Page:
YP Letters: Wrong to jail anti-fracking protesters

From: Natalie Bennett, Sheffield Green Party, Stafford Street, Sheffield.

Undated handout photo of Richard Roberts, who has been jailed for 16 months at Preston Crown Court for causing a public nuisance, after he climbed on to a lorry outside a fracking site. PRESS ASSOCIATION Photo. Issue date: Wednesday September 26, 2018. The disruption at energy firm Cuadrilla's base in Preston New Road in Little Plumpton, Lancashire, in July 2017 lasted just short of 100 hours as the campaigners refused to come down.

SHEFFIELD resident Simon Blevins was among those sent to jail last week for non-violent, direct action in Lancashire in opposition to fracking. The people of Lancashire, through their county council, have said “no” to fracking. The people of Britain are overwhelmingly opposed to fracking – it is already blocked in Wales and Scotland.

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It is 86 years since peaceful protesters were similarly jailed, for the Kinder Scout mass trespass. That action ultimately led to significant change and democratisation of our countryside. I have no doubt the injustice of these sentences will further galvanise the anti-fracking and pro-democracy movements around England.

It is clear that we have a government that does not reflect the will or wishes of the people, and laws that place the profits of the few over the wellbeing of us all in a world where climate change and levels of poverty and inequality threaten our futures.

Sheffield is surrounded by sites of anti-fracking protest, at Marsh Lane, Tinker Lane and Misson. I urge everyone who can to visit one of them to show their support for this struggle. The brave action of Simon and his co-accused highlights a lack of fairness and democracy. They will be celebrated in the future as the Kinder trespassers are celebrated today.

From: Michael Farman, Willow Grove, Beverley.

THE imprisonment of fracking protesters shows how far this country has retreated from democratic freedoms.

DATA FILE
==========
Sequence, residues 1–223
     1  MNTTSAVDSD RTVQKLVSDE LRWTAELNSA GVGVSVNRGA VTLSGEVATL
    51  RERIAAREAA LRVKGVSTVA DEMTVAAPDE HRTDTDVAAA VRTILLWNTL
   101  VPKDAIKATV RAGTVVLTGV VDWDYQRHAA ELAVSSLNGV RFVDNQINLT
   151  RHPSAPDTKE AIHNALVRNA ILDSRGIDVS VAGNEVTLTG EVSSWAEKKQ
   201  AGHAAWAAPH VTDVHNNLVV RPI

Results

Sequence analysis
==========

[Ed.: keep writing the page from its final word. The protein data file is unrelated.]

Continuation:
The right to peaceful protest is one of the liberties people have struggled for centuries to win.

We are supposed to be a democracy that accommodates dissenting voices.

It is unacceptable that these rights are being taken away from us in order to support a dirty industry that, if it is allowed to 
go ahead, will cause untold damage to our health and countryside and exacerbate climate change.

The sentencing is clearly intended as a deterrent to further peaceful protest, but it will achieve the opposite, as so many people will see how far our minority government is prepared to go with authoritarian methods in support of an industry that is unwanted by the majority of people who would be forced to live with it.

PC madness to fell trees

From: David Ward, Hungate, Pickering.

RE the article headlined “Bishop to lead mediated talks over tree felling” (The Yorkshire Post, September 27).

May I say what good sense it is to engage the knowledge and mediation of the Bishop of Sheffield, in what appears to be absurd and unreasoning tree felling in Sheffield.

Where is the logic (or economic sense) in destroying a public asset of beauty and tranquillity (not to say a wonderful dispenser of oxygen, and absorber of carbon dioxide) to be replaced with saplings, about half of which will die of dehydration (by my observations) before they reach the maturity of those felled?

This is surely another case of “political correctness” gone berserk.

Arresting call from ‘taxman’

From: ME Wright, Harrogate.

HAVE we not been told many times that “they” are doing something about nuisance phone calls, but when?

I ask, following receipt of a threatening answerphone message. In strident tones, some male informed me that HMRC have issued a warrant for my arrest and I am to ring 020 3239 4484 (confirmed by 1471). It concludes with an authoritative “do not ignore”. Needless to say, I have, but how many have been scared into action?

Profit drive cost banks

From: Rodney Binks, Holmfirth.

I WRITE as someone who had an enjoyable and rewarding career spanning 38 years with one of the clearing banks.

It saddens me to say that Greg Wright’s latest column (The Yorkshire Post, September 26) 
is spot on.

Moreover you could have identified the banks’ apparent disregard for the value of the long-term banker/customer relationship and the banks’ complete neglect of their long- established reputation for trust, integrity and honesty in pursuit of the quick profit.

Similarly I suggest the well-tested principles applied to lending proposals were either abandoned or severely diluted in pursuit of targets, leading to a severely weakened asset base.

MPs should leave London

From: Coun Tim Mickleburgh (Lab), Boulevard Avenue, Grimsby.

DID they decide what they were doing about refurbishing Parliament and where MPs would go when the work was in process?

I’d like to see them meet at a much more central location, and in a building more for the 21st century with space for papers, laptops etc.

And away from London, perhaps they’d realise what an unfair deal we get when it comes to transport and other spending.

Views in brief

From: Philip Taylor, Milner Street, Lockwood, Huddersfield.

I REFER to my partner’s comment about my recently published letter in The Yorkshire Post. She said that was a bit of a short letter. I said to her that I am not a politician –their philosophy is why use two words when 20 will do.